Tuesday, December 23, 2008

Amtrak Is Worth The Time, Money

When my family wanted to go to my parents' house in Shreveport, LA., over the Christmas holiday, we went online to look at prices for me, my wife and my three children, two of which are now adults. It would have cost most than $3600 round trip on even the cheapest airfare. So, we looked into Amtrak. The price was almost, to the dollar, half the price. The only issue was it would take almost three days each direction.

After talking to the kids, and using the word, "adventure" it was decided it would be fun. We made the reservation and did add the cost of something called a "Roomette". That would accommodate two of us with the other three having to ride coach.

I'm writing this at my parents' home and have to say that the first leg, Sacramento-Oakland-Santa Barbara-Los Angeles-Marshall, TX. (home of boxer George Foreman) was a great experience. We did have to take an Amtrak bus between Oakland and Santa Barbara which wasn't a great experience and don't recommend that, especially overnight, but the trains were great.

First, the seats were spacious, could be made to recline so you can sleep comfortably and thus not be tired. The roomette was just fine for us to take turns so there was a nice quiet compartment to sit in, snooze, read, place games, etc.

The train stops frequently enough that if you want to step off to get some fresh air, you can. The food was much better than expected and service was good (an occasional jerky steward on a couple stretches, but the rest of the stewards/conductors were quite nice). I would also recommend the roomette or a regular sleeping room. There is a shower, but it's small and the water wasn't hot, but maybe it was because I may have followed a couple people in the shower.

And, to top it off you meet some really nice people. You cannot have a table to yourself. They call it community seating in the dining car where you are sat with one or two other passengers. I sat with Al, a retired film editor with MGM, Candy, also a community college teacher who lives 30 miles outside of Tucson in the desert by herself, Max, a cowboy who like me went to high school in the Denver area, but now lives on a ranch near Walsenberg, CO., and has a foul mouth (i.e. with my son, Max, sitting with us, he remarks that beers cost $4.50 apiece on the train so they better have naked women that come with the can).

There was also Connie, who was on her way to Oklahoma City to visit her sister, a minister of a Methodist church and to deal with their mom, suffering from dementia. And, the most interesting, Hammish, a South Afrikaner, who loves to travel the world. He was really fascinating. I loved his deep English accent and his dry humor. He was a true gentleman, too.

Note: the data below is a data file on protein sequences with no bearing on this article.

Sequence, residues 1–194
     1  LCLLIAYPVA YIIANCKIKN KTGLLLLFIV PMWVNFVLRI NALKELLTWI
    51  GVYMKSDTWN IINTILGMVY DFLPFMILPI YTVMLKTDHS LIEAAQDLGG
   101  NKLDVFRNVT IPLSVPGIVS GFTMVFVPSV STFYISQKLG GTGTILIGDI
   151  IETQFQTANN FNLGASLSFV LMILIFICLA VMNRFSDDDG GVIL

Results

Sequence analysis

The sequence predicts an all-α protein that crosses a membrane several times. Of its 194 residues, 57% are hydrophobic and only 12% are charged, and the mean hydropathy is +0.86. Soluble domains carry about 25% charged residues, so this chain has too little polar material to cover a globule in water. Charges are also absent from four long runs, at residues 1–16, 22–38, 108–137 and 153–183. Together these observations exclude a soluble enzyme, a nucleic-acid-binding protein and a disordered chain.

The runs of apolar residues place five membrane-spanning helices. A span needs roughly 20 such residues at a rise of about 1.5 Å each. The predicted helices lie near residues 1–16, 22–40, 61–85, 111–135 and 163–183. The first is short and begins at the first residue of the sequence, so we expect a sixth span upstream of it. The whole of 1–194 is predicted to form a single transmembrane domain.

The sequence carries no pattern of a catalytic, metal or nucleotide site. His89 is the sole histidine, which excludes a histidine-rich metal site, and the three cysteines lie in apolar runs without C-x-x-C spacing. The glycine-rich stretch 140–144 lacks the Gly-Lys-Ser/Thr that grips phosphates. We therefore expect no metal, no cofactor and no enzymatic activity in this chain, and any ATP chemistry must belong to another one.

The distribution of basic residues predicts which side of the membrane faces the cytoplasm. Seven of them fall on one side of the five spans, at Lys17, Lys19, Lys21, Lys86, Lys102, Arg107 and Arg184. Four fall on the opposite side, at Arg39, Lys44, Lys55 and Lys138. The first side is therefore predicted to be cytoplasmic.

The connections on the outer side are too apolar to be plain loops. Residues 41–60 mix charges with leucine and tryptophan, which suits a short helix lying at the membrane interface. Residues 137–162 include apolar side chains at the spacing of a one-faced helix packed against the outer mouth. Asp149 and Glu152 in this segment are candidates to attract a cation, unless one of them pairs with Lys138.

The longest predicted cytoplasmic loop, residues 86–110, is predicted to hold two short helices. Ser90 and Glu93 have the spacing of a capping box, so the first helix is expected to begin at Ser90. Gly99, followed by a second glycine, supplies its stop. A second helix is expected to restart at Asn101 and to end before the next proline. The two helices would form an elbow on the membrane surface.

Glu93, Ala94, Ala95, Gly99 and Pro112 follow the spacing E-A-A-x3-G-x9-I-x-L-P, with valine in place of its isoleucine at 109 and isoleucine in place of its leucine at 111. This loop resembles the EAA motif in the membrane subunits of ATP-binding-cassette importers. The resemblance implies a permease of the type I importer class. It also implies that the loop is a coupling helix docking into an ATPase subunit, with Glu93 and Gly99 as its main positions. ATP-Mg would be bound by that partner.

Though I'm looking to opening presents on Christmas morning, me and the entire family are looking forward to traveling home to Shreveport on the California Zephyr.

Sunday, November 02, 2008

Laguna, N-U Plays a Mud Bowl

I am coming out with an article about this, but did you see all the muck Laguna Creek and Nevada Union played in on Halloween night? They looked like extras for the movie Leatherheads. I'd have to agree with Joe Davidson of the "Bee" ... it is embarrassing for an Elk Grove School District facility to be in this kind of shape.

We're not playing football like they did in the 1940s. This is the age of turf, like it or not.  

My story in the Citizen will quote an assistant superintendent who says there will be one or two of the EGUSD facilities which will be playing on turf by opening kickoff in 2009. 

But, we need to take issue with the fact there is little or no maintenance on the facilities right now and school athletic directors are being told to keep their hands off the fields.  Lots of parents/fans have offered to take care of the fields, but have been told, "no."

Thursday, October 23, 2008

Hosting a Forum on EGCitizen.Com

Pretty soon I will be hosting a forum on the Elk Grove Citizen's website, www.egcitizen.com. I've already posted something there I'd like fan feedback on for use in an eventual story.

For all the money and support our local high school football programs get in this area, our facilities are really poor. Look at the conditions on the fields at Elk Grove and Sheldon high schools. Someone left the sprinklers on earlier this week at Sheldon and it was virtually all under water. Pleasant Grove and Sheldon play there Friday. Let's hope it dries out.

There is talk about replacing everything with artificial turf, but in the meantime does anyone in the maintenance department know how to keep an athletic surface in good shape? Or do they care? Seems to me safety should be a big issue to the school district.

Leave me your comments at EGCitizen.Com.

Sunday, October 19, 2008

Nill Family

Here is a story I wrote recently for the Elk Grove Citizen. It's about Coach Mark Nill, head football coach at Laguna Creek High School. I think he's having fun this year. One, his team is good, but more importantly, he's coaching his youngest son, Sean, a good defensive player and his oldest son, Ryan, is one of his assistant coaches:

Mark Nill is in the enviable position of being able to coach his sons in football at the high school varisty level. Not very many dads can say they've been able to do that.

And, you cannot accuse Nill of playing daddy-ball, either. Both sons have been and are outstanding high school football players.

Ryan was Laguna Creek High School's middle linebacker and an offensive lineman in 2004 and 2005. Sean was the only junior on the All-Metro football team last season. And, already this season, opposing offenses look to see where #55 is lined up before calling the cadence. Opponents admit they run away from Sean.

In fact, Elk Grove coach Dave Hoskins last season called Nill the best defensive player in the Delta Valley Conference. Last week, Sheldon coach Ed Lombardi complimented Nill, too.